While Fonda continued to appear on Broadway in the 1950s, in such plays as Point of No Return (1951) and The Caine Mutiny Court Martial (1953), he also returned to film. His first project was a film version of Mister Roberts (1955). This was the last collaboration between Fonda and John Ford, who took over the directorial helm at Fonda's request. However, they had completely opposite opinions on interpretation, which resulted in physical clashes. Ford became ill and was unable to complete the work, so Mervyn Le Roy took over as director. Still, Fonda was never happy with the way the film turned out.
Fonda had mixed success with films throughout the 1950s, 1960s, and 1970s. Though many critics believed that he was miscast as Pierre, others praise his work in War and Peace (1956). The only time Fonda acted as a film producer was for 1957's Twelve Angry Men, in which he also had a starring role as the juror who saves the life of the accused man. He played political roles in several movies in the early 1960s, including a turn as the president of the United States in Fail-Safe (1963). Fonda continued to explore his dark side by playing villains several times, primarily in westerns such as Firecreek (1968) and Sergio Leone's Once Upon a Time in the West (1969). Fonda married his fourth wife, Countess Adfera Franchetti, on March 10, 1957. They divorced in 1962. Fonda married for the fifth and final time to model and stewardess Shirlee Adams, in 1965.
Professionally, Fonda concentrated on theater and television. In 1959, he was the co-producer and star of the short-lived series The Deputy. In 1962, he returned to Broadway to appear in A Gift of Time with Olivia De Havilland. Fonda took a second try at a television series in 1971-72 as the patriarch of The Smith Family. One of Fonda's last major theater roles was as Clarence Darrow in a one-man show. From 1974 until 1975, Fonda appeared in this role on Broadway and on a national tour. Before one performance, he collapsed backstage and was forced to have a pacemaker installed on his heart. This marked the beginning of frequent health problems. Despite frequent hospitalization, Fonda continued to work.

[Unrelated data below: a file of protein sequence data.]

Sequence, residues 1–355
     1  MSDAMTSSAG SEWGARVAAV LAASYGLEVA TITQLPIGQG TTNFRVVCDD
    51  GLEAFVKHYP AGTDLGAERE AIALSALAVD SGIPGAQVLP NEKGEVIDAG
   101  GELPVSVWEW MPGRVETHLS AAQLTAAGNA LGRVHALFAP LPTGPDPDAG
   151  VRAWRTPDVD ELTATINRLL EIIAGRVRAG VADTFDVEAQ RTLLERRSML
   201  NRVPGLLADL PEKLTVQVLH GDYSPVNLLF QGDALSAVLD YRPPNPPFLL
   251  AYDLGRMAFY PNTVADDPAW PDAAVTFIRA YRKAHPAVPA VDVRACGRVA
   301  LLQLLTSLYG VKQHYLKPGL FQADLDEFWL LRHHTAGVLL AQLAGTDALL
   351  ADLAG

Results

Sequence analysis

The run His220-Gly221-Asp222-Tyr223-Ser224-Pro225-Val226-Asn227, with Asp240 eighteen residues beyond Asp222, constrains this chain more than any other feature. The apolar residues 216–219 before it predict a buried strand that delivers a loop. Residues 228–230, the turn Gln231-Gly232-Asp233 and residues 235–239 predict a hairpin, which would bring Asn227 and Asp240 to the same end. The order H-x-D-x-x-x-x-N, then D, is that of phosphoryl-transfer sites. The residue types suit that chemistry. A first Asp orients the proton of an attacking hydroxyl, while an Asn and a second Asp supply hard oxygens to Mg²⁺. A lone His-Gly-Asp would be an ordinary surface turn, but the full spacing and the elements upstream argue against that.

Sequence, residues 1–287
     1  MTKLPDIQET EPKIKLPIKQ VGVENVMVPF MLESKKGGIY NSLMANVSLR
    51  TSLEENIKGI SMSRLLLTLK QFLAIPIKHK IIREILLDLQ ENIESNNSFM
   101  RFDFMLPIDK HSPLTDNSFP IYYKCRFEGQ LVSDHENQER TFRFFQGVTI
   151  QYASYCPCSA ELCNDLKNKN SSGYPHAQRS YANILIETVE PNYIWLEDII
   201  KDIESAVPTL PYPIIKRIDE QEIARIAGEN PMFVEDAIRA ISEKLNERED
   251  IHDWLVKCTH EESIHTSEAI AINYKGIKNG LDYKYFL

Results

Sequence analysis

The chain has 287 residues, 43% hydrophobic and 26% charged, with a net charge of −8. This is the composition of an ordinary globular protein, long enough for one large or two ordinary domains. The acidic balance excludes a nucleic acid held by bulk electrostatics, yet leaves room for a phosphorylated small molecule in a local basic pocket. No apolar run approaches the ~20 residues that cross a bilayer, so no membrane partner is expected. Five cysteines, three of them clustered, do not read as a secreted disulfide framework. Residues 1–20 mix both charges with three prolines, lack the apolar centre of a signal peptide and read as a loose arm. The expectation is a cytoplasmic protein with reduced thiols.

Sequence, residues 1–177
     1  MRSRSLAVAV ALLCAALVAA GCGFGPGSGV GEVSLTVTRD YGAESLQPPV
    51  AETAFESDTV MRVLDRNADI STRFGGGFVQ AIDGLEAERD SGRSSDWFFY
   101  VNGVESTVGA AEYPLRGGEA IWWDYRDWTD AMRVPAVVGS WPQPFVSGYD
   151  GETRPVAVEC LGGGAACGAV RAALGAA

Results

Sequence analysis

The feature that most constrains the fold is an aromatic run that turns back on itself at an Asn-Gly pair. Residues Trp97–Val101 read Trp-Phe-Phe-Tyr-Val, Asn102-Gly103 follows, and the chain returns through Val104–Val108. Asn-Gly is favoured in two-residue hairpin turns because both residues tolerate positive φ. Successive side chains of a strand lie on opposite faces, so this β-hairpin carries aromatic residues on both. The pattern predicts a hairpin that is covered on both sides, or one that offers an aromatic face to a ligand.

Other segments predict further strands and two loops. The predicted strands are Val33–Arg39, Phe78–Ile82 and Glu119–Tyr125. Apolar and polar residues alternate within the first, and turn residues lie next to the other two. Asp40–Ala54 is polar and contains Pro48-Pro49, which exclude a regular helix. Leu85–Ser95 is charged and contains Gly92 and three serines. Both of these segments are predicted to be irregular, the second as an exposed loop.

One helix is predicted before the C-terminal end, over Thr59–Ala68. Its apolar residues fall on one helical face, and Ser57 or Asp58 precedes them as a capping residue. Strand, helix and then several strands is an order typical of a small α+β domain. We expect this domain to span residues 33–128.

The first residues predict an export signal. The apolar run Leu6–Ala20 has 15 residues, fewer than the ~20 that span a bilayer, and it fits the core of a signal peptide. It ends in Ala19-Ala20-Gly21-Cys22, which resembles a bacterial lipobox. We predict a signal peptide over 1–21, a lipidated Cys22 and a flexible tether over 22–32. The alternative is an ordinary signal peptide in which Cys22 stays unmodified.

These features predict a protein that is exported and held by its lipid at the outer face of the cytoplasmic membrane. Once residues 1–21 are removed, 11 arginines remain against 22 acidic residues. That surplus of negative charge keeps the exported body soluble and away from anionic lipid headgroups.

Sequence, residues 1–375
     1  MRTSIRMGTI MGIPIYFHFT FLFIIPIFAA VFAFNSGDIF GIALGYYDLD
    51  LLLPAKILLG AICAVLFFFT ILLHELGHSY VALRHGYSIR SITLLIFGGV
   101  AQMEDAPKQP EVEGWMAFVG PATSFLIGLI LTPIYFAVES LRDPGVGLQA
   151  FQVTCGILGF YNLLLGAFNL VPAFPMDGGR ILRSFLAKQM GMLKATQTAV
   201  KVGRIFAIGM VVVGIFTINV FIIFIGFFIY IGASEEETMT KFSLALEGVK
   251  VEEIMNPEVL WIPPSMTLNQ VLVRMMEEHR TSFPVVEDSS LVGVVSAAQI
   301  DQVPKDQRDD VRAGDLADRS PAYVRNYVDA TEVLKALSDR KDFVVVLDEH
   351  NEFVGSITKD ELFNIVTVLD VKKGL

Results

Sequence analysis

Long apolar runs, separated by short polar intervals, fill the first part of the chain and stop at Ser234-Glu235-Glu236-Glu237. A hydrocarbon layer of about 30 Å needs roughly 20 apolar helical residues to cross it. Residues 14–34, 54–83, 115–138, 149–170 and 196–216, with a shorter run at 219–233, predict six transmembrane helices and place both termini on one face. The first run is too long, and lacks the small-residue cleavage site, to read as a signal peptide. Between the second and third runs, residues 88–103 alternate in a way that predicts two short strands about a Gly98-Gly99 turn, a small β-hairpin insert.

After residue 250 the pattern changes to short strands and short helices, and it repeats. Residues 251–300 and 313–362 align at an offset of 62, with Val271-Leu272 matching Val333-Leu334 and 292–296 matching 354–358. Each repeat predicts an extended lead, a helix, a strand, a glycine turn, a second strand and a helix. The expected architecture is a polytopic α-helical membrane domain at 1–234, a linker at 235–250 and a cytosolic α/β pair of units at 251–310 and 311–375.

Fonda's last film role was one of his most memorable and acclaimed. In 1981, he appeared in On Golden Pond as an irascible old professor reflecting on his life, trying to make peace with his daughter (played by Fonda's daughter Jane), and face his own fears about death. Vincent Canby of The New York Times wrote "Mr. Fonda gives one of the great performances of his long, truly distinguished career. Here is film acting of the highest order—As you watch him in On Golden Pond, you're seeing the intelligence, force and grace of a talent that has been maturing on screen for almost 50 years." Fonda won his only Academy Award for this role, a short time before his death. He died of heart failure on August 12, 1982, in Los Angeles, California. He was 77 years old.
Further Reading on Henry Fonda
American National Biography, edited by John A. Garraty and Mark C. Carnes, Oxford University Press, 1999.
Cassell Companion to Cinema, Cassell, 1997.
The Scribner Encyclopedia of American Lives, volume 1, edited by Kenneth T. Jackson, Charles Scribner's Sons, 1998.
International Dictionary of Films and Filmmakers-3: Actors and Actresses, third edition, edited by Amy L. Unterburger, St. James Press, 1997.
Thomson, David, A Biographical Dictionary of Film, third edition, Alfred A. Knopf, 1994.
New York Times, August 9, 1935, p. 21; December 4, 1981, p.D4; August 13, 1982, p. A1
Variety, August 18, 1982, p. 4.